Back in the 90s, there was a pre-post-grunge band from British Columbia named Moist, and after reviewing a handful (okay, three) of their songs, I have concluded that they are not responsible for pushing the word “moist” toward its current status as one of the grossest words in existence:
When it comes to nasty words, moist is the biggest offender. But what exactly is moist? Moist is when you step in a warm puddle wearing socks and for the next hour, your feet clop on the hardwood floor and your socks stick to your heels for a split second with every step. Moist is taking your clothes out of the dryer 10 minutes too early and feeling that lingering wetness rest upon your skin. Moist is a kitchen sponge that holds room-temperature sink water from the day before. Moist is when you wear your jacket in a hot room for too long and sweat droplets start to quiver from the pores under your arms. Most importantly, moist is gross.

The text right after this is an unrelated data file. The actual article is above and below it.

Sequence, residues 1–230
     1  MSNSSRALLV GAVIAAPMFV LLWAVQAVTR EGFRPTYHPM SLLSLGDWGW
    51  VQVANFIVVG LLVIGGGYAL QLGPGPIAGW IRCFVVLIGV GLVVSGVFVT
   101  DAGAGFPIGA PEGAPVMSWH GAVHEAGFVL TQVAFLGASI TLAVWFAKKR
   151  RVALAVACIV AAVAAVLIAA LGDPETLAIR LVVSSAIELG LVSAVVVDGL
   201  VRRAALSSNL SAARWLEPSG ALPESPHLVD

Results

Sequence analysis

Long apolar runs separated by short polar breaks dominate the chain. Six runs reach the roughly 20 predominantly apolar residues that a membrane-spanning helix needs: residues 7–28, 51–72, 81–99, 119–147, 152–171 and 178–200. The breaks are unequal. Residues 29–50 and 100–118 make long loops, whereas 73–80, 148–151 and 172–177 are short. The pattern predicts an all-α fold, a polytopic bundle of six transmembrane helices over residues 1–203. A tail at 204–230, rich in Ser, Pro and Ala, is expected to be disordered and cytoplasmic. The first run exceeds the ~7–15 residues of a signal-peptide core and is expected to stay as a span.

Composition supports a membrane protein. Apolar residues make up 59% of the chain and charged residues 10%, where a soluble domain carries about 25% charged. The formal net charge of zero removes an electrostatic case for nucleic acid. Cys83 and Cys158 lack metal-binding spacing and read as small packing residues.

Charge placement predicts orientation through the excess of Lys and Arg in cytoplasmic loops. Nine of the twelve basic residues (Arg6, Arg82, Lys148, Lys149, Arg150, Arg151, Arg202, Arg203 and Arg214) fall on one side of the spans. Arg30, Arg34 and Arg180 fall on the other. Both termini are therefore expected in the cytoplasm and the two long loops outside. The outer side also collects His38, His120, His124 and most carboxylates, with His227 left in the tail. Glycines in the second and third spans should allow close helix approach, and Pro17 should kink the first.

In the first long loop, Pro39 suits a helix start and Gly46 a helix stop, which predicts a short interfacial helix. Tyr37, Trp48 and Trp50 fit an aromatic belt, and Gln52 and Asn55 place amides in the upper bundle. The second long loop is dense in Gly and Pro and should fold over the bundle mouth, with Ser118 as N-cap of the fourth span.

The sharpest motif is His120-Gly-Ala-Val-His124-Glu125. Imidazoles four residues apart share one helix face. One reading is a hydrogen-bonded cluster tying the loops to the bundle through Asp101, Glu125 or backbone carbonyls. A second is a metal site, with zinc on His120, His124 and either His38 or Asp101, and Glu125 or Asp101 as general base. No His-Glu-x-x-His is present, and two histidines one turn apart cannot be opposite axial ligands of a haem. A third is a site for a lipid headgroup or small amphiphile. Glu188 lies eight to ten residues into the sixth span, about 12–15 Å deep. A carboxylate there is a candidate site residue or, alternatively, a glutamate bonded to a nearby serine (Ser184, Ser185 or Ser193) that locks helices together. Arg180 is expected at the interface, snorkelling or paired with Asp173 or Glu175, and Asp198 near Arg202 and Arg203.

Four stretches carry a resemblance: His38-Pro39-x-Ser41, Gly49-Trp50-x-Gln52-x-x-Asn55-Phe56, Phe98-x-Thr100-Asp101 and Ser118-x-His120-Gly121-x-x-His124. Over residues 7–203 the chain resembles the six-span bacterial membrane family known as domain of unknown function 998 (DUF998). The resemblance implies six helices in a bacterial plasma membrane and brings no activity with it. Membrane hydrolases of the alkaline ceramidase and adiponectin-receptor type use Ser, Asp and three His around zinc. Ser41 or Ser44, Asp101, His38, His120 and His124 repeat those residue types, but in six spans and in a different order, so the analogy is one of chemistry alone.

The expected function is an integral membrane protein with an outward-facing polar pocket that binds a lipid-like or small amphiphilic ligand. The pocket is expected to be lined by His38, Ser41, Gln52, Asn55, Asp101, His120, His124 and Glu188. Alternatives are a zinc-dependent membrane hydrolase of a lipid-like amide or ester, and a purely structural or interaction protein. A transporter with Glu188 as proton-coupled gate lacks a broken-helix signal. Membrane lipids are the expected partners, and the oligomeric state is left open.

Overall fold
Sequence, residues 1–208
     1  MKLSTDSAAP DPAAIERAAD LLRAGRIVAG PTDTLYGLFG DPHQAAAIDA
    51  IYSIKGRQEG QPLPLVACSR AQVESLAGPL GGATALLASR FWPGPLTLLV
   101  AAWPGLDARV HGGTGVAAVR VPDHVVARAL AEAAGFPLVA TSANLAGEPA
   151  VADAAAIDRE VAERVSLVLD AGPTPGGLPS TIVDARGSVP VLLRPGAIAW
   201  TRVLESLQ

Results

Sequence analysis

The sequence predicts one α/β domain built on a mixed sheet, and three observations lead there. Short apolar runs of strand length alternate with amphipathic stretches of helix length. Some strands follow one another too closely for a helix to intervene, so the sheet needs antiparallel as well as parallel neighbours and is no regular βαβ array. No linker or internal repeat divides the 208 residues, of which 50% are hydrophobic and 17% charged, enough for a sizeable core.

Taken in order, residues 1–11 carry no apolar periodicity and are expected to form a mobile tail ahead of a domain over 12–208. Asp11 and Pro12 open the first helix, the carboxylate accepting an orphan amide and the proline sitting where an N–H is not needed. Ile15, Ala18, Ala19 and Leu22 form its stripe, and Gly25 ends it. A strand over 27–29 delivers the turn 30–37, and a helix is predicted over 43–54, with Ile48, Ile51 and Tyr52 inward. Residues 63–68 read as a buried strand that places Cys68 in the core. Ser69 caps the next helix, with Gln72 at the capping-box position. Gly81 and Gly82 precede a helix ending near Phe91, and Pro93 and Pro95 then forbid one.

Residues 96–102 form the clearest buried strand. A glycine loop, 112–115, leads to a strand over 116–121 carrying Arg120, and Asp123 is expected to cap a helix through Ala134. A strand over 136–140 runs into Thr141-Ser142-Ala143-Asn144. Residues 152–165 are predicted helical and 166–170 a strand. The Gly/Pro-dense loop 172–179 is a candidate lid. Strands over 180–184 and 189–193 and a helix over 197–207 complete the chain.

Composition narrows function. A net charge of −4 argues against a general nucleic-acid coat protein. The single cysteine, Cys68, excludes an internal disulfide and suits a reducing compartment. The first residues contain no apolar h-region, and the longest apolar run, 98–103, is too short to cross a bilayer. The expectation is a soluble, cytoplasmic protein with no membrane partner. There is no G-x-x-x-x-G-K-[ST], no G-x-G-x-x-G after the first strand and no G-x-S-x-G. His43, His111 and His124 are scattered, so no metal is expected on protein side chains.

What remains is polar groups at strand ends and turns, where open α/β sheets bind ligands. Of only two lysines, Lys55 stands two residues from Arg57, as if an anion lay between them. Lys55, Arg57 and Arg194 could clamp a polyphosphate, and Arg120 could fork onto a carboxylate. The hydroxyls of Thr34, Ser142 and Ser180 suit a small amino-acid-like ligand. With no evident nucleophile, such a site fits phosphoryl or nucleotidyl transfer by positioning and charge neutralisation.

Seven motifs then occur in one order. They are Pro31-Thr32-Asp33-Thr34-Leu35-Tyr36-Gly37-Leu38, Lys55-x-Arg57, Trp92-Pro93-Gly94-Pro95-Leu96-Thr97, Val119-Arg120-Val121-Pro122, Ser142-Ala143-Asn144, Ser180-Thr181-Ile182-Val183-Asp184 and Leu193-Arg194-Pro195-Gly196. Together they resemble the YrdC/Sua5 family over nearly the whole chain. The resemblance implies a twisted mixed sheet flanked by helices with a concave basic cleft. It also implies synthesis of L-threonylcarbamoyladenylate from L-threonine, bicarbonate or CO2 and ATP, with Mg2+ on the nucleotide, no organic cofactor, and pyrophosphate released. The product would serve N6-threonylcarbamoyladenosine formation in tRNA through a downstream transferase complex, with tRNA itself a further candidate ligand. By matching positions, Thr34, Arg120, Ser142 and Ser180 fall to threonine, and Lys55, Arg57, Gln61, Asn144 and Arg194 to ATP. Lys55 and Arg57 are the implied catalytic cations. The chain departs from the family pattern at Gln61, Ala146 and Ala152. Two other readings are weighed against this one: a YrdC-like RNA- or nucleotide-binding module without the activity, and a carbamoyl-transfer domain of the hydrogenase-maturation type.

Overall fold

I think part of the problem with “moist” is that it’s so often paired with “towelette,” a word which also grates on the ears, a word which is supposed to be a diminutive of “towel,” in every other context an instrument of dryness.
“People hate the word moist,” he says. “Without the word, it would leave bakers, meteorologists and amateur pornographers lacking for what to do. I think it’s the texture of the word.”
And at least Greenman doesn’t blame Canadian bands, even vaguely grungy ones.